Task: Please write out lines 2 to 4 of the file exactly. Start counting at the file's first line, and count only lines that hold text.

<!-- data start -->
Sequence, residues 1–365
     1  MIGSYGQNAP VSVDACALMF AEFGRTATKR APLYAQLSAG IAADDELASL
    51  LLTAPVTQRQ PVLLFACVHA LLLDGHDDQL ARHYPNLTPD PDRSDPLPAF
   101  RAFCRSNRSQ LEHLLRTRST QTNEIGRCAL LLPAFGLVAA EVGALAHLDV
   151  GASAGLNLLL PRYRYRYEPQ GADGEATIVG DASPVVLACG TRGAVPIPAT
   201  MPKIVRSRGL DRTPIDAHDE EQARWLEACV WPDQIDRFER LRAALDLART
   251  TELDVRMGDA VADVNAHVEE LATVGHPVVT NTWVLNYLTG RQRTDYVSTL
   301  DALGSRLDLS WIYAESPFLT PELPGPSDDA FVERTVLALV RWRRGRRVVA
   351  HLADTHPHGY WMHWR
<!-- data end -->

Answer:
     1  MIGSYGQNAP VSVDACALMF AEFGRTATKR APLYAQLSAG IAADDELASL
    51  LLTAPVTQRQ PVLLFACVHA LLLDGHDDQL ARHYPNLTPD PDRSDPLPAF
   101  RAFCRSNRSQ LEHLLRTRST QTNEIGRCAL LLPAFGLVAA EVGALAHLDV